Wild Rice (Zizania aquatica)

Common Name Latin Name Plant Family
Wild Rice
Zizania aquatica
Gramineae

None known

  • Medicinal Use

    None known

  • Edible Use

    Seed – cooked[257]. It can be used as a cereal. A staple food of the native North American Indians[95, 159], the long black delicious grain is eaten as an expensive gourmet meal[183]. It is used in the same ways that rice is used and is sometimes added to rice dishes to impart its subtle flavour. The seed can also be ground into a meal and used in making bread, thickening soups etc[183]. It is a very rich source of riboflavin and is also rich in niacin[160].

    The base of the culms is used as a vegetable[74].

  • Cautionary Notes

    None known

Cultivation & Habitat

Seed – it must not be allowed to dry out or it will quickly lose its viability, usually within 4 weeks[136]. Store collected seed in jars of water in a cool place such as the salad compartment of a fridge. Sow the seed in spring. Immerse the pots so that they are covered by about 5cm of water. It is best to sow 2 seeds per 7cm pot in a greenhouse in order to get early germination and a better chance of a crop[136]. Pot on as required and plant out about 30cm square in May, by which time the plants should be 20 – 30cm tall[136]. Larger quantities can be sown in shallow boxes and plunged into the pond etc in May.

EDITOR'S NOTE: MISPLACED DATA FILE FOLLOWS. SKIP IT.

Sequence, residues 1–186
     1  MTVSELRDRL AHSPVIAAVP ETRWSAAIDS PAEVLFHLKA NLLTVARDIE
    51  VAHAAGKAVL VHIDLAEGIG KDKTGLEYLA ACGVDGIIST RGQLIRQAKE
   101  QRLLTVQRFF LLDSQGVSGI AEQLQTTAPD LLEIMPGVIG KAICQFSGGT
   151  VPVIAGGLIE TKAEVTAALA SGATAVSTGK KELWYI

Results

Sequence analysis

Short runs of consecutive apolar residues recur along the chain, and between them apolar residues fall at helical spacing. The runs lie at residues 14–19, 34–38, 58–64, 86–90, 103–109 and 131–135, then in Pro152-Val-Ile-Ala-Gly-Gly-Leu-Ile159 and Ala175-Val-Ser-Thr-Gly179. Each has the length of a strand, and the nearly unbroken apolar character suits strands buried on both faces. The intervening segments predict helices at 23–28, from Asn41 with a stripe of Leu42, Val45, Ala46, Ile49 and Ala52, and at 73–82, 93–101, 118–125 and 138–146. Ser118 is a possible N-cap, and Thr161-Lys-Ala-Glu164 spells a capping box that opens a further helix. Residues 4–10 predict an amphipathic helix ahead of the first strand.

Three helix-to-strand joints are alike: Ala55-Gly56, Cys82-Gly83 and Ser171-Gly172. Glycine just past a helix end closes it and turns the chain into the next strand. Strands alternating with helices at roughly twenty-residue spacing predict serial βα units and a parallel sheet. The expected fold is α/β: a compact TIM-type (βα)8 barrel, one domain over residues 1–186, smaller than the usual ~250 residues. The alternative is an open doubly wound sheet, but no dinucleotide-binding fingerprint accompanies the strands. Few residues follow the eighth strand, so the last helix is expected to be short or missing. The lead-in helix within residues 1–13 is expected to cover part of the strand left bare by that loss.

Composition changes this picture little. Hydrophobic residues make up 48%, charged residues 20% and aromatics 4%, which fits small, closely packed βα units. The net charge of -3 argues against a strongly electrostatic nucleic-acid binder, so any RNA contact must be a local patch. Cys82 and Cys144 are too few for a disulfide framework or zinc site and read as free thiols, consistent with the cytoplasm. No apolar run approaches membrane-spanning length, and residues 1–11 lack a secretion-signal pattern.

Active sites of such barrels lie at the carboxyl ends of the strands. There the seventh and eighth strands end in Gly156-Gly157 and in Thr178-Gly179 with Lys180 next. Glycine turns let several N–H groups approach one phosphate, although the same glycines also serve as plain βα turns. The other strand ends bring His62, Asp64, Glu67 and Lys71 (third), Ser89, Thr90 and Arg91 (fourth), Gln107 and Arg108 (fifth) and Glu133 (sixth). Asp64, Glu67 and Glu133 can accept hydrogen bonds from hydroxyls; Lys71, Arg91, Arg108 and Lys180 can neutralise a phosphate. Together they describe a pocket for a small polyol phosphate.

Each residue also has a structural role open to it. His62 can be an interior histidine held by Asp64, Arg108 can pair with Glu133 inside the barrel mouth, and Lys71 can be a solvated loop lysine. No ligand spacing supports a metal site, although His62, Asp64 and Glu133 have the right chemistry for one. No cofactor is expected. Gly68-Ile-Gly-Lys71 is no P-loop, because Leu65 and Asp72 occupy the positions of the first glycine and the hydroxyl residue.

Easily grown in water up to 60cm deep, it tolerates water up to 1 metre deep though it prefers growing in water 10 – 20cm deep[136]. It dislikes stagnant water[20]. A very ornamental plant[1], it grows, flowers and fruits well in the lake and lily pond at Kew[136]. Plants can self-sow in Britain, but the seed tends to germinate too late to mature a fresh crop of seed in this country, so the plant gradually dies out[136]. It would possibly maintain itself in areas such as the Isle of Wight, Cambridgeshire and Norfolk[136]. It is a very hardy plant, the seed survives being frozen in ice[136]. Plants grown at a 30cm square spacing can produce 20 or more flowering shoots[136]. Often collected from the wild, this plant is now being cultivated commercially for its edible seed[183]. It is considered a gourmet’s delicacy and is sold in many parts of the world, usually in health food shops and usually at a very high price[136]. Plants require protection from wild fowl otherwise they will devour the young growth[136]. Plants are occasionally sown by lakes and rivers in Europe to attract wild fowl[50].
Eastern N. America – New Brunswick to Manitoba, south to Florida and Texas.

Become ungovernable, break the chains of the matrix; grow and forage your own food and medicine.

*None of the information on this website qualifies as professional medical advice. Take only what resonates with your heart and use your own personal responsibility for what’s best for you. For more information [brackets] [000], see bibliography.